[Avodah] Chassidim on Horseback?
llevine at stevens.edu
Thu Jan 3 08:04:07 PST 2013
I am moving this to Avodah.
At 10:49 AM 1/3/2013, Micha Berger wrote on Areivim:
>On Thu, Jan 03, 2013 at 10:45:48AM -0500, Prof. Levine wrote:
> > First of all, given that I have never heard of Jewish nobility in old
> > Europe (certainly not within the past 500 years), is this not the
> > adoption of a gentile practice? ....
>No more than ties are. Derekh emori is only if the practice is religiously
>motivated or (non-Jewish?) superstition.
You seem to be equating something that is non-Jewish with Darchei
Emori. From http://tinyurl.com/avmsbjq
The Tosefta in Shabbos (Chapters 7 & 8) lists various practices which
are prohibited due to the fact that they are darchei haemori. For
example, putting thorns in a window to protect a pregnant woman or
tying an iron to one's bed. These things all have one basic common
feature. They are irrational - meaning they are not scientifically or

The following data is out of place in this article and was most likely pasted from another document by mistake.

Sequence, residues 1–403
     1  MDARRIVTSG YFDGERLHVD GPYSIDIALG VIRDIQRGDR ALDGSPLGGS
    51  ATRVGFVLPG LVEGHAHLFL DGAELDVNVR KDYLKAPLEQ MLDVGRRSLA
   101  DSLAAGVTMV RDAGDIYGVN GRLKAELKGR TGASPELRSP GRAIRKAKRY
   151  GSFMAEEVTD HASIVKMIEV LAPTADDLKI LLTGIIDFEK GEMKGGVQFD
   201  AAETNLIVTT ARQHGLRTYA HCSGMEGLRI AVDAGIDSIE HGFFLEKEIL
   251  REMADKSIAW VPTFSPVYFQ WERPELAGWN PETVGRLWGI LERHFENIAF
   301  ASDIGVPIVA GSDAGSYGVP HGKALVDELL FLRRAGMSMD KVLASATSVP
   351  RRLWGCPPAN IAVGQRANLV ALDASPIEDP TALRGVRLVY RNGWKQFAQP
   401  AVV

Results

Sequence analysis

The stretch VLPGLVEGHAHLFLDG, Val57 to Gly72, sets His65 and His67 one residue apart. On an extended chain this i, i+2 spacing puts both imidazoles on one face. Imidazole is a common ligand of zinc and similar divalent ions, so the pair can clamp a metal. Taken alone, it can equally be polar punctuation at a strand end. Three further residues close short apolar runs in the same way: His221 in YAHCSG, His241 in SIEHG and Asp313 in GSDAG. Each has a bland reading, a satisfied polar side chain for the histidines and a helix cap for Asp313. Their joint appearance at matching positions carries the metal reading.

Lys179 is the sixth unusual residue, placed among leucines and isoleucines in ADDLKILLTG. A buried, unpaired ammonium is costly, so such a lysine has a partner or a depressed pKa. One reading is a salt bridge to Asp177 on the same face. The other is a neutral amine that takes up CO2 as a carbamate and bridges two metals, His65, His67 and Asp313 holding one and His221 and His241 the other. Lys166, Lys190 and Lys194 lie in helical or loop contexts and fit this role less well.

observably proven remedies.
It seems to me that there are non-Jewish practices that do not fall
within the category of darchei haemori. This is presumably related
to the distinction that RSRH makes between un-Jewish and non-Jewish
Difference Between 'Non-Jewish' and 'Un-Jewish'" The Jewish Press,
July 25, 2007, page 1
My point was that riding on horseback to this wedding by these
prominent guests is something that is adopted from gentile
culture. I did not intend to imply that it is assur.
What I find ironic is that those doing this, whom I am sure would
speak strongly against the adoption of any non-Jewish practice, are
indeed involved in a non-Jewish practice!
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